*amount* of confidence Bill has in the authenticity of the message depends on the amount of confidence Bill has that Alice has kept her private key secure. If Bill is sure that Alice has kept her private key secure, then Bill can be sure the message came from Alice. If malicious Mallory has gotten a copy of Alice's private key, then Mallory could have forged the message.

Notice that if Eve the eavesdropper can intercept a copy of the message, Eve can decrypt the digital signature with Alice's public key because it is, well,

*public*. However, it doesn't do Eve any good because one of the characteristics of that cryptographic hash is that the message cannot be reconstructed from the message digest.

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Digital Certificates

In a

previous post, I wrote about signing others' public keys as a way to improve
our confidence that the key actually belongs to the person it claims to belong to. We saw earlier how a message could be both authenticated and protected from tampering through the use of a digital signature. A public key can be protected in the same way. When a public key is digitally signed, the result is called a

*digital certificate*.

The purpose of a digital certificate is to bind an identity to a public key. When you created your public/private key pair, you put in your own email address, but you

*could have* claimed to be alice@example.com or even president@whitehouse.gov. If you could get someone to use such a public key, thinking they were corresponding with the real Alice (or President) you'd be able to decrypt the messages because you have the corresponding private key. A digital certificate helps us increase our confidence that a particular public key actually belongs to the claimed party. It

*binds an identity to a public key*.

The diagram at the left is a simplified representation of a digital certificate. The part in green is all plain text. It identifies alice@example.com as being the owner of the given public key. This certificate has two digital signatures, one by Bob and one by Charlie. By signing this certificate, Bob and Charlie are certifying that they have checked that the given public key actually belongs to alice@example.com.

Here's how it works. The certificate is just a message consisting of an identifier, a public key, and other information in plain text, the part shown as green in the diagram. Each signature has two parts, identification of the signer, shown in yellow-green and stored as plain text, and an encrypted hash code, shown in red and encrypted with Bob's

*private key*. Someone who knows and trusts Bob can compute the hash code directly, using the part of the certificate shown in green, than use Bob's

*public* key to decrypt the part shown in red under Bob's identifier. If the computed hash code and the decrypted hash code match, we can have confidence that the part of the certificate in green hasn't been tampered with, and that the public key given really does belong to Alice. How much confidence we have depends upon

*how much* we trust Bob. If we don't know or trust Bob, perhaps we know Charlie or someone else who has signed Alice's key. The subject of trust was discussed in

*Using Encrypted Email*.

A digital certificate can be signed by a number of individuals, creating a

*web of trust*, or by a single trusted organization, called a

certificate authority. OpenPGP uses the web of trust model.

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A Note on the Strength of Cryptography

Modern cryptosystems are very difficult to break, but probably not impossible to break. If you used a 4,096-bit key size when you generated your key pair, cracking your encryption would take dozens of years using the best algorithms and fastest computers available. Of course, Moore's law means that computers are getting faster, and in a dozen years, 4,096 bits may not be enough. For now, even with a 2,048 bit key size, you are probably safe from any person or agency except possibly the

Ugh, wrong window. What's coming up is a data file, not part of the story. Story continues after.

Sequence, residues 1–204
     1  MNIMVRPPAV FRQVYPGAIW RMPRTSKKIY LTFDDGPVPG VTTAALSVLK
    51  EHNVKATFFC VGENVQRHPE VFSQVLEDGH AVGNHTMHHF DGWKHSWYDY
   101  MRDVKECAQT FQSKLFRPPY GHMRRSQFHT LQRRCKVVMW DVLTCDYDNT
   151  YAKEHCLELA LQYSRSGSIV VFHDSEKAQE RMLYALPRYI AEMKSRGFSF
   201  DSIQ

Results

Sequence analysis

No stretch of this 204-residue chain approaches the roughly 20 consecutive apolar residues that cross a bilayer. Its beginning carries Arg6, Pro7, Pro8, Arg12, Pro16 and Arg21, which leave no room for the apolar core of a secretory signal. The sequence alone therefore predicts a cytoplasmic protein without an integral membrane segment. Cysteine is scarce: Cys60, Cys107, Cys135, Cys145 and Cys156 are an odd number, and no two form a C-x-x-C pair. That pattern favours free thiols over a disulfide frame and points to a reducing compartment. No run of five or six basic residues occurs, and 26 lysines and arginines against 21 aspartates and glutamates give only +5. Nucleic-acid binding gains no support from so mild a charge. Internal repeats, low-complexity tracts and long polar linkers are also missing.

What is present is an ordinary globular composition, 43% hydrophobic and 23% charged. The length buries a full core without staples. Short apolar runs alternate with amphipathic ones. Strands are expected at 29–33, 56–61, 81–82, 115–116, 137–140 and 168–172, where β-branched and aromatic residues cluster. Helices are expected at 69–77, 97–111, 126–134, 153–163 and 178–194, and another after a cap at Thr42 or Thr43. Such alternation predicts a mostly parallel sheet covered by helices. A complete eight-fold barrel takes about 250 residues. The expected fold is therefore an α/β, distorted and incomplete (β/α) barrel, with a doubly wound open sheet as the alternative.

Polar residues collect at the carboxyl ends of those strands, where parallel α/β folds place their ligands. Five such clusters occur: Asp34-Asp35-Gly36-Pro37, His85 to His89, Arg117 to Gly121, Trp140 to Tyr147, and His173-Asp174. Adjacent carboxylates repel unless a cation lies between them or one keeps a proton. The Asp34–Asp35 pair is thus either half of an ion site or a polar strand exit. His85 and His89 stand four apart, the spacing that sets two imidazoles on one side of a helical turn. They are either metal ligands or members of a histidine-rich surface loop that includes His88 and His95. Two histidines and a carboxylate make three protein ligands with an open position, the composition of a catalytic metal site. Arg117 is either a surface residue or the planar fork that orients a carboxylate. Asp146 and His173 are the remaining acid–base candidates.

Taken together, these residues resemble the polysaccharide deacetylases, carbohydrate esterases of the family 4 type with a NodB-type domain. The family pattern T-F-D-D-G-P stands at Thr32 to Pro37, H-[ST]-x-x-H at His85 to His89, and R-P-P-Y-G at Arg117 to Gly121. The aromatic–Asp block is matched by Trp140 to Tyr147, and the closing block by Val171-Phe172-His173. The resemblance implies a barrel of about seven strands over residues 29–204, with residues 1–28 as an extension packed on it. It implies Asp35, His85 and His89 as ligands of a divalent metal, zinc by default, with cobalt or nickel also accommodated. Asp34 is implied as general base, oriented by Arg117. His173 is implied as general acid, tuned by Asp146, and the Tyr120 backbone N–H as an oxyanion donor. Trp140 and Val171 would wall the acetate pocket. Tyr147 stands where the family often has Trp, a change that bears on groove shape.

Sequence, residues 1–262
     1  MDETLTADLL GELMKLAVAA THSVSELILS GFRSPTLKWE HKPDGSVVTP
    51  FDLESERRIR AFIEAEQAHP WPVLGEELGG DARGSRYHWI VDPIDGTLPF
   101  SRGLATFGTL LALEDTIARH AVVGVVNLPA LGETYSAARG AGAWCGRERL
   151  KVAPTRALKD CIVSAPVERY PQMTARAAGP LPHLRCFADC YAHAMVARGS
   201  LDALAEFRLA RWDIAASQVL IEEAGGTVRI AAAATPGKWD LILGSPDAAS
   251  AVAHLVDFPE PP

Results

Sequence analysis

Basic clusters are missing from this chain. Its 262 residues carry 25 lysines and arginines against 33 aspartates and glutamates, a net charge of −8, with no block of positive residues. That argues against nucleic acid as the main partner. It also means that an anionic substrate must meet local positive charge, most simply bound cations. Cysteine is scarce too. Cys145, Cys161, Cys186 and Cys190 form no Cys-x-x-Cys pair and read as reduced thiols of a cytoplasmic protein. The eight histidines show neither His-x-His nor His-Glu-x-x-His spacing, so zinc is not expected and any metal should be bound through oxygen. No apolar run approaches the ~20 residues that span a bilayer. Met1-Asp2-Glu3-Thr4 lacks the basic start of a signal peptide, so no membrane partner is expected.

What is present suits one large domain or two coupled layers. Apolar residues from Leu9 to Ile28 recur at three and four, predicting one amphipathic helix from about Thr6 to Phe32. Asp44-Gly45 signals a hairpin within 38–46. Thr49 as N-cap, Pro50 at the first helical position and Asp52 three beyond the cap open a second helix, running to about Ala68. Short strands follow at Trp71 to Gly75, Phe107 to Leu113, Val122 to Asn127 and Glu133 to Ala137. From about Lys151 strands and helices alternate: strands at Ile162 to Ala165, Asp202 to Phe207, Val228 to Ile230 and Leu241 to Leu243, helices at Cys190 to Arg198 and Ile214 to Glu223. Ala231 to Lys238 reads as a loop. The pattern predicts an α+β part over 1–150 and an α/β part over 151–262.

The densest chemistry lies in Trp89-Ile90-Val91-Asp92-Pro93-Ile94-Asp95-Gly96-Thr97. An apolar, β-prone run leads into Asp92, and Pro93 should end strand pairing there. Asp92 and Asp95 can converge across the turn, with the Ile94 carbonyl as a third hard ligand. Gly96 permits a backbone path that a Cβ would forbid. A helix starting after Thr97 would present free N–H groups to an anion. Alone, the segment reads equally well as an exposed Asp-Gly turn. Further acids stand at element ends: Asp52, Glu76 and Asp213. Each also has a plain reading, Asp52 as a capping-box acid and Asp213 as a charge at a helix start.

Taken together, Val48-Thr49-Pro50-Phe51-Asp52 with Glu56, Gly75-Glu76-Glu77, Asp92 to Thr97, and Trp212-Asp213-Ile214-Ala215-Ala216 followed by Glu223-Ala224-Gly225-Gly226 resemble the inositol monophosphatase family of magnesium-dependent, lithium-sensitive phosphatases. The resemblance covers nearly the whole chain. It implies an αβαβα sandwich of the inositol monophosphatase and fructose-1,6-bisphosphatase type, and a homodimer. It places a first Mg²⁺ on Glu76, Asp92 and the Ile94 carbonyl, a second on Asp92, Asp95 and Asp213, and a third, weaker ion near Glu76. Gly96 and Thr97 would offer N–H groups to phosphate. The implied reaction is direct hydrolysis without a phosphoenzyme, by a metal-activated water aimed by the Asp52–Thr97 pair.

NSA.

The weak points are the private key, stored on your computer and
the passphrase, stored in your head. If an adversary can get both of
those, your privacy is toast. Without them , your privacy is protected
against casual snoopers, and even persistent snoops like reporters. You are in more danger from something like this than you are from a computational attack. Your private key backup is another weak point. Guard it carefully.

While we're talking about the strength of cryptography it's time for a warning:

*don't roll your own*. While it might seem very cool to design and implement your own cryptosystem, it turns out to be surprisingly hard to do right. Unless you have the equivalent of a Ph.D. in mathematics with an emphasis on cryptology, it's an extremely bad idea to trust important information to home brewed crypto. Experiment all you want, but when you're serious about protecting information, use cryptosystems developed by experts, examined by other experts, and that have withstood the test of time.

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Cryptography and the Law

There's
a different question when it comes to law enforcement: can you be
compelled to decrypt documents? Even if law enforcement
agencies cannot crack your encryption, they may be able to get a court
to order you to decrypt documents yourself or to surrender your passphrase. If you refuse, you might be
held in jail until you change your mind. Whether the Fifth Amendment
protection against self-incrimination means you do not have to reveal your passphrase or
the contents of encrypted documents has not been settled as of summer,
2013. Different courts have ruled differently. There is also a distinction at law between being forced to divulge your passphrase and being forced to produce documents in plain text (decrypted) form.

I'm not
a lawyer, and cannot give legal advice. Good, common sense advice is
not to do illegal things nor possess illegal materials. Encryption may
delay an investigation, but it is unlikely to save you from the
consequences of illegal actions.

With that said, I cannot emphasize too strongly that, in the United States,

*there is nothing illegal about using encryption. *

Previous article:

Using Encrypted Email
Copyright © 2013 by Bob Brown

A Little About Encryption by

Bob Brown is licensed under a

Creative Commons Attribution-ShareAlike 3.0 Unported License.

*Some of the symbols used in some of the illustrations were borrowed from a document on the subject of public key cryptography by Microsoft.* *Thanks, Microsoft! The XKCD cartoons are used under the terms of the Creative Commons Attribution-NonCommercial 2.5 License.The quotation by Ken White is used by permission.*
* *